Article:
Why are premolars present in the permanent dentition
The molar - structure and function
The molar has many functions in the human dentition. It is part of an ingenious system that takes on a variety of functions when eating. Every single tooth has an individual structure and can be clearly distinguished from the others. We explain to you what a molar looks like and which functions it takes on.
Table of Contents
Which tooth is a molar?
Molars are also known as posterior teeth or molars.The molars include all teeth beyond the front and canines. In the deciduous dentition, there are 2 deciduous molars in each half of the jaw.
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In the permanent set of teeth, there are two smaller front molars, called premolars, in each half of the jaw. Behind it there are two, or if there are wisdom teeth, three, larger rear molars. These are called molars.
Molars - structure
In all mammals one can distinguish front teeth from molars. The technical term for the presence of different types of teeth is heterodontics. In contrast to this, reptiles have homodontic teeth.
In humans, the small front molars on the chewing surface of the tooth crown have two or three cusps that are separated from one another by furrows (the dentist calls them “fissures”). Most so-called premolars have one root, some (for example the anterior premolar in the upper jaw) have 2 roots.
The rear large molars are larger and have 4 or 5 cusps. The molars usually have three tooth roots, although anatomical deviations are sometimes possible.
Molars - breakthrough
The teeth go through two so-called dentitions. The second dentition follows the eruption of the milk teeth: permanent teeth replace the milk teeth.
- The first molar usually erupts at the age of six, which is why it is called a six-year-old molar.
- This is followed by the front teeth.
- The first premolar breaks with the 10th-12th, the second then with the 11th-13th. Year through.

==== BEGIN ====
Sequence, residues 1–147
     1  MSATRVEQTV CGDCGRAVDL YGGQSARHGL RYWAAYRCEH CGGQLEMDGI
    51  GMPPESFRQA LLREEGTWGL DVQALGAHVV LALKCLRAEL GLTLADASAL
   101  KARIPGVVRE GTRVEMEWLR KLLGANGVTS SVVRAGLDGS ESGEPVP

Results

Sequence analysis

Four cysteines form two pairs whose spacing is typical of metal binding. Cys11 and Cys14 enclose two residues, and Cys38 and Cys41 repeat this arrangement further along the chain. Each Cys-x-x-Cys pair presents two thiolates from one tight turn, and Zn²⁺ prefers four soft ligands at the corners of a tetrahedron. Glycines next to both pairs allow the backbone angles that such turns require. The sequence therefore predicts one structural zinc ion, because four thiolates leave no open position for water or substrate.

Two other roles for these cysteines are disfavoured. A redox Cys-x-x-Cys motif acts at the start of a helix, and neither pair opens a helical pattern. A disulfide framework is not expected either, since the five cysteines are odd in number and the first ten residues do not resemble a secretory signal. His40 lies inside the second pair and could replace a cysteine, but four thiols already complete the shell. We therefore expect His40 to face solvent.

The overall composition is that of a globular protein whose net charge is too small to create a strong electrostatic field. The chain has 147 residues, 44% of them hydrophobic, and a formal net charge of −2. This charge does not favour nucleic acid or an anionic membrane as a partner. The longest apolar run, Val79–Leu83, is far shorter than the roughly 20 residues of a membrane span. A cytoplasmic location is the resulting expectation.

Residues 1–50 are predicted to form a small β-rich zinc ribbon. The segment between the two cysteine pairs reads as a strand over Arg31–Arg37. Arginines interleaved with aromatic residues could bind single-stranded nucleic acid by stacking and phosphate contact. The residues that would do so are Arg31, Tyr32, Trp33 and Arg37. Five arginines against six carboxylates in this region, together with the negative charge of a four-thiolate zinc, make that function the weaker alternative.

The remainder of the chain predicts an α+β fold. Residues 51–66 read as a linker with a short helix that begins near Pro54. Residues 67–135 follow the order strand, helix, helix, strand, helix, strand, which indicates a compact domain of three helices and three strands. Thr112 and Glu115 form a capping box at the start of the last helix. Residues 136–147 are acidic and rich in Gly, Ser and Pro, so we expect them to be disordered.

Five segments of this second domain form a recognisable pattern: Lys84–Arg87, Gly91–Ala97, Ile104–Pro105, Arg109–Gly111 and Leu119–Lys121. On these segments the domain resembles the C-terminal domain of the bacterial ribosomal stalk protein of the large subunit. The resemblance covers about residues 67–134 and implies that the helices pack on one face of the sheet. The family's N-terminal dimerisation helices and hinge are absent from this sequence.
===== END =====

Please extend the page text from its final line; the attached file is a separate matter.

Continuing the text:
- The second molar has its breakthrough with the 12th-14th Age.
- The last molar tooth breaks through: with the 17th-30th Age. That is why it is called the wisdom tooth.
Basically, the teeth of the lower jaw are “one step ahead” of those of the upper jaw and appear a little earlier. When the permanent teeth get ready to erupt, they move closer and closer to the milk teeth. Their roots then continue to dissolve, which is why they ultimately fall out and make room for the permanent teeth.
In some people, the wisdom teeth, or certain front or molars, are absent. These are then not created and are also missing after the eruption of all permanent teeth in the row of teeth. On the other hand, in rare cases, there are excess teeth.
Molars - function
Incisors are designed in such a way that they are suitable for biting off food. Molars, on the other hand, have a wide chewing surface and can grind the food through their cusps and furrows.
For this it is important that the teeth are in contact with the opposing teeth in the other jaw and also with the neighboring teeth. The saliva and the complex movements of the jaws ultimately create a soft chyme.
In addition, they absorb the chewing force of the jaw and thereby protect the front teeth from overload. They are built in such a way that they can withstand great forces.
By chopping up food, they are an important part of digestion. In addition, the posterior teeth protect the temporomandibular joint from excessive stress.
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